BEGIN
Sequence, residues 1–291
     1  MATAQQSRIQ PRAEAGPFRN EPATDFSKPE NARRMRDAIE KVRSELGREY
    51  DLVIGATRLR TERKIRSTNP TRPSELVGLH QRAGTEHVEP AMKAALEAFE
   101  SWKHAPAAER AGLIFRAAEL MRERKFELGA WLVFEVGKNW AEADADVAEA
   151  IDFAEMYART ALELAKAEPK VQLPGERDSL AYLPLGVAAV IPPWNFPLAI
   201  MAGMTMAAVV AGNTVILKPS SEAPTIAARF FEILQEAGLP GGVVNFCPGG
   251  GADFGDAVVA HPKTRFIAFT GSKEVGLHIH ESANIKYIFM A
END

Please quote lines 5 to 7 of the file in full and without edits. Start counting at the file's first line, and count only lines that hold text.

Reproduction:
   151  IDFAEMYART ALELAKAEPK VQLPGERDSL AYLPLGVAAV IPPWNFPLAI
   201  MAGMTMAAVV AGNTVILKPS SEAPTIAARF FEILQEAGLP GGVVNFCPGG
   251  GADFGDAVVA HPKTRFIAFT GSKEVGLHIH ESANIKYIFM A